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 How to make overlays simply easy with GIMP (tutorial by jamesspetts)

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PostSubject: How to make overlays simply easy with GIMP (tutorial by jamesspetts)   Wed Mar 18, 2009 3:04 pm

It is rather a shame that the default credits and subtitles are rather limiting, and do not let one use what is perhaps the most common sort of introduction credits in films: those overlayed over the beginning of the film itself. Subtitles don't cut it, as they're always too small and too near the bottom of the screen. They just look like... well... subtitles. With the release of Stunts & Effects, however, changing that is now quite easy using the overlay feature.

Stage 1 - making the overlays in The Gimp

I have chosen the GIMP both because it is what I use and it is free. It is also possible to do this in Photoshop, although the process will be a little different. You will need to get the .dds plugin.

Start a new 1287x512 RGB image. Whatever is the background layer will be the alpha channel: i.e., the original film. Make the background colour different to the colour that you want your text to be so that you can see your text. (You will only need to do this the first time: on subsequent occasions, it is easier to load a .dds file that you have already made, and modify it. In an existing .dds file, the alpha channel is helpfully marked as a grey check pattern).

Using the text tool, create a new text layer, and add your text. White is a G o o d [Good] colour for most films, but black may be better if the scene over which the credit sequence is to be played is very light. Any colour can be used, however. The image is the shape of the film size, so put the text in the image where you would like it to appear on the film. Text placed, for example, at the bottom of the image, will appear at the bottom of the film. Then - and this is important - go to the "layer" menu, and select "layer to image size". If you do not do this, only the text layer will be saved, and the text will be stretched to fill the whole screen.

Then, export the file as a .dds. Do this simply by giving the file a .dds extension when you come to name the file: if the .dds plugin is installed, the GIMP will automatically save it as a .dds file. Make sure that the "create mipmaps" checkbox in the .dds export dialogue is unchecked. The compression does not seem to matter much. The files need to have particular names and be placed in a particular directory.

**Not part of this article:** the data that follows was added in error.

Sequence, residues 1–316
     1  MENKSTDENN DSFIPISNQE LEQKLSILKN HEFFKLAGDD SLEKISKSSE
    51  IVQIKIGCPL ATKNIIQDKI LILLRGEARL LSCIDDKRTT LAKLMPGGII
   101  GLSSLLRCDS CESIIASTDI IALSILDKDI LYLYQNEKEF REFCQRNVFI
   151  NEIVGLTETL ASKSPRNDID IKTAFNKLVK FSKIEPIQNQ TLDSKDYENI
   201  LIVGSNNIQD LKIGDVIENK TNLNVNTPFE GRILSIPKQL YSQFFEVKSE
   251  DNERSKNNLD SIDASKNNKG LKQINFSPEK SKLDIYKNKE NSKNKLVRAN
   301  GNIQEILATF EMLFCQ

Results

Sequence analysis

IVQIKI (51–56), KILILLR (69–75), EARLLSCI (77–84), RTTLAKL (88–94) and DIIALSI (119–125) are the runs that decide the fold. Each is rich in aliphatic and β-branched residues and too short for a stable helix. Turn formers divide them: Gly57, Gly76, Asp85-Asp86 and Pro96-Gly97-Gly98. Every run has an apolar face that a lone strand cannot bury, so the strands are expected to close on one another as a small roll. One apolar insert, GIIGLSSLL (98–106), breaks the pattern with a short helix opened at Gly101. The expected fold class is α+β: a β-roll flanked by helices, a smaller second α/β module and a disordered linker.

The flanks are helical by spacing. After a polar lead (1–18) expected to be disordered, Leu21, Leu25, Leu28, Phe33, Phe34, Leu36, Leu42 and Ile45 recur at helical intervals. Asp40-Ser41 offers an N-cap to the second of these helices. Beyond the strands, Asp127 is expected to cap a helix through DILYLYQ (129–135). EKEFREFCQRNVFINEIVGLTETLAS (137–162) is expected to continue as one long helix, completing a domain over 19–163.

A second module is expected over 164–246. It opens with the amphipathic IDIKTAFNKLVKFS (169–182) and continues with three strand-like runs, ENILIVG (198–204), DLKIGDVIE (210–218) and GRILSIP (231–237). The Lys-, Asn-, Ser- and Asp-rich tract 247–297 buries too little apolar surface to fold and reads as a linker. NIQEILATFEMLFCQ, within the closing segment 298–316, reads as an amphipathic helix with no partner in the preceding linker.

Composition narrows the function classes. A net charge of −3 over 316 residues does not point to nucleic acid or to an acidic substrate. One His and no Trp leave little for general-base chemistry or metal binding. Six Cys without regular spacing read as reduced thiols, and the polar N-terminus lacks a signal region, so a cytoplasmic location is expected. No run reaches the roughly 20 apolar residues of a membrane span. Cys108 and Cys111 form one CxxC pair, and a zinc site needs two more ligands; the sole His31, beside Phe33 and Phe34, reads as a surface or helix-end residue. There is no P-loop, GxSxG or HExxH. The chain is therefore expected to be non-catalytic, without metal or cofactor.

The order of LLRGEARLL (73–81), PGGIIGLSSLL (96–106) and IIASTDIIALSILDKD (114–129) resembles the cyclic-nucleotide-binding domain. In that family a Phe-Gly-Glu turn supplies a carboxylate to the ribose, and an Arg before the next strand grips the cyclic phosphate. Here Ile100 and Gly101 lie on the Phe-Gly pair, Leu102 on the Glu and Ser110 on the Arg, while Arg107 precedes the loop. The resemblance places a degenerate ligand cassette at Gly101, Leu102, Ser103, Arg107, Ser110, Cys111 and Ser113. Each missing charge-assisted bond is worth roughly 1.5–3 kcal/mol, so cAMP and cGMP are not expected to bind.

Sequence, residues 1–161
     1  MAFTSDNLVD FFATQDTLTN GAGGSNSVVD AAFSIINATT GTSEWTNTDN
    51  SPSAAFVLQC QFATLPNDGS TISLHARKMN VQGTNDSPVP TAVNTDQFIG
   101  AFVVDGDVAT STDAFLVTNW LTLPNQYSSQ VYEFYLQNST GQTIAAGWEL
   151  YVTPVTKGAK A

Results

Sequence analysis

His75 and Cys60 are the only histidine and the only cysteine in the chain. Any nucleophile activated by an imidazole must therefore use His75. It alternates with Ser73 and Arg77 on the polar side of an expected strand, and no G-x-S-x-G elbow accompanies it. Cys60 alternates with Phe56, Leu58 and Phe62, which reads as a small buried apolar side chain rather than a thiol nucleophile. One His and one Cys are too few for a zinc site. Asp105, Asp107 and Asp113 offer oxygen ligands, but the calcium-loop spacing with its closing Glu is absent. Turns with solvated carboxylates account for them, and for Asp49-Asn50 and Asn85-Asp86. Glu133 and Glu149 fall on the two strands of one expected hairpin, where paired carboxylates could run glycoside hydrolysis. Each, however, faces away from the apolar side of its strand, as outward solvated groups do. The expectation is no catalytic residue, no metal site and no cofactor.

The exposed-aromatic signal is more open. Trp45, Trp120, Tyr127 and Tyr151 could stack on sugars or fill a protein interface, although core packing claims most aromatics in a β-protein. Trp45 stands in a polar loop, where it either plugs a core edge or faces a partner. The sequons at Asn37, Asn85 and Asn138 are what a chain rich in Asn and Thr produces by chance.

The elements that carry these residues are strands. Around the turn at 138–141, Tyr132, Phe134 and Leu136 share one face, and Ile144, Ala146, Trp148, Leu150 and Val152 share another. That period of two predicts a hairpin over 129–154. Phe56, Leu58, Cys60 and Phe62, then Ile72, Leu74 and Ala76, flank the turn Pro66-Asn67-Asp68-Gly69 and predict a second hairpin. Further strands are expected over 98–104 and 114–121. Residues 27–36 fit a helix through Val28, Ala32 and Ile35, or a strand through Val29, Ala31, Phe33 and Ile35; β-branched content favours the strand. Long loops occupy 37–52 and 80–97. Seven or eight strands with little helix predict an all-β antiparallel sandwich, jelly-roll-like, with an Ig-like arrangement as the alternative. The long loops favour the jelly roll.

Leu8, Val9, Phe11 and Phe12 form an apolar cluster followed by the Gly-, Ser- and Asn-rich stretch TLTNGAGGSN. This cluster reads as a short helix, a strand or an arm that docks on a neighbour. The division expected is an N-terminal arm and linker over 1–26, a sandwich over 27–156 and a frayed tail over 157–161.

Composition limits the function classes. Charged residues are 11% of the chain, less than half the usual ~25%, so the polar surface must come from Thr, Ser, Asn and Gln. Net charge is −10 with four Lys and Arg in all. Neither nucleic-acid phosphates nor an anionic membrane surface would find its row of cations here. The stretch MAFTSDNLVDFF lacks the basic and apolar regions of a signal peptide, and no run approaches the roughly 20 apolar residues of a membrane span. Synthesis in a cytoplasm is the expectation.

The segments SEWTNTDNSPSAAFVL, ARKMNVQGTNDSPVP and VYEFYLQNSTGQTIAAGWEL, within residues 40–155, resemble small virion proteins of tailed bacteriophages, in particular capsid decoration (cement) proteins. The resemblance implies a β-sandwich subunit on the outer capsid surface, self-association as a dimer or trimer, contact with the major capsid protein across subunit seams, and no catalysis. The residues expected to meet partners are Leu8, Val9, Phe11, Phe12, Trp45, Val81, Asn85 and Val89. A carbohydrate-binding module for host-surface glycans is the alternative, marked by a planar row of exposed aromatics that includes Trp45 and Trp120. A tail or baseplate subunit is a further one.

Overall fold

Name your files overlay_[yourname]_v00.dds, where [yourname] is the unique name for your title. So, for example, overlay_voiceactors1_v00.dds would be a sensible name. They need to be placed in the ..\The Movies\Data\Textures\Overlays directory.

If you want to make a thumbnail to make selecting the overlay from the AAM easier, make a 64x64 .dds file with the thumbnail image of your choice, and save it in ..\The Movies\Data\Textures\Overlays\Thumbnails directory. This is not essential.

Stage 2 - adding the titles to your movie

The simple way is just to associate each title overlay with one particular scene. Doing this is as simple as selecting the overlay from the overlay selector for the scene in question. Do be careful, however, to make sure that the chosen colour of text is clearly visible againt the particular background in the scene in question.

Some tinkering with positions in the GIMP may be necessary; unfortunately, one has to quit and restart the game every time that one makes or modifies .dds files, and the game appears to index them on startup.

Most real films, however, do not always transition the titles at exactly the same times as they transition the scenes: titles often come in and out during a single scene, and often persist over multiple scenes. To have titles appear and disappear in the same scene, create two scenes: one without the title overlay, and one with it.

Do this with the "clone scene" feature (right click on the scene icon (the bottom one) in AAM). Then, in PP, splice the scene without the title overlay where you want the title to come in.

Without moving the current position bar re-order the scenes, so that the scene with the title overlay is now in the same position as the one without the title overlay was in before. Without moving the current position bar, splice that scene again. This will ensure that the two scenes are spliced in exactly the same place.

Then, put the beginning of the scene without the title overlay next to the end of the scene with it, and delete the two other scene fragments, and the title will appear part way through the scene without losing continuity of animation or camera angle. The same principle can be applied to having multiple title transitions in the scene, but that is a little more complicated: one must always remember that one needs to align all the fragments so that one is always splicing in exactly the same place.

To create titles on a black background, the easy way is just to point the camera at the fourth wall, including none of the set: that will come out black. One can make a black backdrop for the bluescreen set, but that is somewhat unnecessary. Otherwise, the same technique as above applies, save that one need not splice to preserve animation, and fade in and fade out can be used to fade the credits.

Stage 3 - the example

All of the techniques demonstrated above can be seen in my new short film, "Cold Dawn". (It is not just a technical demonstration, incidentally: it is a proper film with a plot.). The introductory "Galaxy Studios" title sequence was created using the bluescreen, freecam, and the sound-crew statue, along with the galaxy backdrop found in the "custom backdrops" section of this forum.

The music I wrote myself, using Cakewalk Home Studio 6, and played on a SoundBlaster XFI Fat1lity (for G o o d [Good] quality MIDI). All reviews are welcome :-)
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